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Explosives going dark

An enhanced biomarker developed at Los Alamos can be used in the field to detect explosives and other hazardous materials.
November 25, 2013
Explosives going dark

This fluorescent protein, developed at Los Alamos, is unusually stable even when briefly boiled, making it useful for unconventional applications, such as sniffing out explosives and toxins.

An enhanced green fluorescent protein stops glowing when explosives are present.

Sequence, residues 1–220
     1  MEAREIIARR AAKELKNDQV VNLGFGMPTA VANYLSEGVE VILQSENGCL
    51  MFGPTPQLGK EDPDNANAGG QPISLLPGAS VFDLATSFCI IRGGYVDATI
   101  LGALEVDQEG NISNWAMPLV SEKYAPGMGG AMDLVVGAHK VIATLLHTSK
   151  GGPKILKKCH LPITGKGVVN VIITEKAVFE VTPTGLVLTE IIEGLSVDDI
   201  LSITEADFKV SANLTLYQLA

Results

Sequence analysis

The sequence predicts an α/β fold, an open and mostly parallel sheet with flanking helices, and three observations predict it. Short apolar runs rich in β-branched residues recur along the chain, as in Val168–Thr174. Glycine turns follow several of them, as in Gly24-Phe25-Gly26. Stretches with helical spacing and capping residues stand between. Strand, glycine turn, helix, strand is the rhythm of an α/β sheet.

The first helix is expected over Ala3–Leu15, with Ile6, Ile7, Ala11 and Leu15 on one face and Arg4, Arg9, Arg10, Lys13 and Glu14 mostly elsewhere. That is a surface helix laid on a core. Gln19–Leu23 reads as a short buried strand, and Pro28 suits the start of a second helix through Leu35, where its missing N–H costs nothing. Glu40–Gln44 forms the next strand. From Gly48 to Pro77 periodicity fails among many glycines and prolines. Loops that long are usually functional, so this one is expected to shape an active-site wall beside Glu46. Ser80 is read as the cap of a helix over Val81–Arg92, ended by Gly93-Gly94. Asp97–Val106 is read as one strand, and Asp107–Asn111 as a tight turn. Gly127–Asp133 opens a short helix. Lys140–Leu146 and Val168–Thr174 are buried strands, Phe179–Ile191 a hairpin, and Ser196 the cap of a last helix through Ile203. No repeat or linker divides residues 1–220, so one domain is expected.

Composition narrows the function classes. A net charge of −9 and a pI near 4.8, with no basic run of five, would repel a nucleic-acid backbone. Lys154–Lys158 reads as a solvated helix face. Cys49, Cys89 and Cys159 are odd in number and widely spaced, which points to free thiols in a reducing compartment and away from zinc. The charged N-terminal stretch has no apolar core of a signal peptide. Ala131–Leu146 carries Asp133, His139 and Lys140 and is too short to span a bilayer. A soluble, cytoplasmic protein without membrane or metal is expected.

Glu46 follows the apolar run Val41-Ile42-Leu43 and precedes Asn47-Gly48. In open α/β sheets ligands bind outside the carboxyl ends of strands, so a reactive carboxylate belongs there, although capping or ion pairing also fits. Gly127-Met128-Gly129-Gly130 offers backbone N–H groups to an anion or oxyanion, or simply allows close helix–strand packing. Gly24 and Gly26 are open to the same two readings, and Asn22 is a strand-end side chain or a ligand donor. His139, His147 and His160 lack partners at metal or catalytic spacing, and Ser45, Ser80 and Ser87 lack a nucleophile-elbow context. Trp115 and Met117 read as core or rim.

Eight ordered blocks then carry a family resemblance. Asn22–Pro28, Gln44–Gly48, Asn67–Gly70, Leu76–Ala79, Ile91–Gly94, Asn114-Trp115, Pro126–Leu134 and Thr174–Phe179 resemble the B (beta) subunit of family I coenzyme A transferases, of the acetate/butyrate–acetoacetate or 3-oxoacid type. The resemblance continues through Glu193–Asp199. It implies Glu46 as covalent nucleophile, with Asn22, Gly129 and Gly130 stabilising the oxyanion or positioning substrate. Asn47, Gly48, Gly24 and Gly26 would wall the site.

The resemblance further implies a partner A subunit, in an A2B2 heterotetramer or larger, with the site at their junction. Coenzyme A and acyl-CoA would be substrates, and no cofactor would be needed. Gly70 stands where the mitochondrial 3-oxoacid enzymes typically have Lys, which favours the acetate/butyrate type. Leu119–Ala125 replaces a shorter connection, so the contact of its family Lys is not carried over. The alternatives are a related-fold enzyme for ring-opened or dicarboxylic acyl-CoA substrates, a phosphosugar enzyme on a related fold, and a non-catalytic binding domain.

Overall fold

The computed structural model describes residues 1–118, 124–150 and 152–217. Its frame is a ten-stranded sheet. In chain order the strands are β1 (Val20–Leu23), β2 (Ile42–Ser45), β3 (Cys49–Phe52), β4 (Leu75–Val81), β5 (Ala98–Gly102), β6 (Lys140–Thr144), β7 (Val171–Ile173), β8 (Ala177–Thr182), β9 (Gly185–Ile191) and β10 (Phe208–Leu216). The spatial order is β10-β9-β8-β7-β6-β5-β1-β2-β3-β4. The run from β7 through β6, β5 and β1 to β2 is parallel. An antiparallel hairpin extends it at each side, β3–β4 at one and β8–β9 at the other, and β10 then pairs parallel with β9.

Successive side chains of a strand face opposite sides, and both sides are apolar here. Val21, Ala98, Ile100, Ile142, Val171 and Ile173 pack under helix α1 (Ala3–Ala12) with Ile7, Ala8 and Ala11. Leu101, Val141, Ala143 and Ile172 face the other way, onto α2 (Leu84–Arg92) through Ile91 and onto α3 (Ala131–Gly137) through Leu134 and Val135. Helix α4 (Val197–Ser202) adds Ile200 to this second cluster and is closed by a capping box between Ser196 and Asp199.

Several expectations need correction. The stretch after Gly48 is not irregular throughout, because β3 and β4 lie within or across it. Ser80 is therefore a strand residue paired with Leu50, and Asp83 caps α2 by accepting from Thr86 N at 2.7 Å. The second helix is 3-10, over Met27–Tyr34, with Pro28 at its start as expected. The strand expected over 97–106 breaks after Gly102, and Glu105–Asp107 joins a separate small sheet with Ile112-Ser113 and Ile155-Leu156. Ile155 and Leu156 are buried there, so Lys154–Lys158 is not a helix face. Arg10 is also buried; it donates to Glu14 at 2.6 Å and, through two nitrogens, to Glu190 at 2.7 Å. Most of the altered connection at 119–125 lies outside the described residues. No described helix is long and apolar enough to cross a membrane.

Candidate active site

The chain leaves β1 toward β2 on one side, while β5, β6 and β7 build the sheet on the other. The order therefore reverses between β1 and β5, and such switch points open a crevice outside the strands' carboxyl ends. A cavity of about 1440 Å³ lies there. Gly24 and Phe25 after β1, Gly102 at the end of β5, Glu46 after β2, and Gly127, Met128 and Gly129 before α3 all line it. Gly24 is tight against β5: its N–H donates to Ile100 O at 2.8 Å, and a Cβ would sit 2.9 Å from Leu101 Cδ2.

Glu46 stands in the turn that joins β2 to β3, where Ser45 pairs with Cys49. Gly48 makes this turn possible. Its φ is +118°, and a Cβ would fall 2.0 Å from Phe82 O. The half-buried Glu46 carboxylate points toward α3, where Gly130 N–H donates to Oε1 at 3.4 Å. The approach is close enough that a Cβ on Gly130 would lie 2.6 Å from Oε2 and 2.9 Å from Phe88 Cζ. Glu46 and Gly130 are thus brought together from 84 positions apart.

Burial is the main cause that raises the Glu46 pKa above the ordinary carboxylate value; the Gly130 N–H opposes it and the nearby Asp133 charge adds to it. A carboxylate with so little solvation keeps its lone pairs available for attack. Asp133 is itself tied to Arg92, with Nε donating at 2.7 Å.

Nitroorganic high explosives, including TNT and RDX, as well as certain other toxins,  poisons, and nerve agents, have been shown to suppress an ultraviolet excitation mechanism that causes a fluorescent biomarker to glow. A team of researchers from the U.S. Air Force Academy, using a green fluorescent protein enhanced by Los Alamos scientists for improved thermal and chemical stability, showed that this suppressed excitation can be used to identify hazardous materials by shutting off the fluorescence normally brought about with ultraviolet light.

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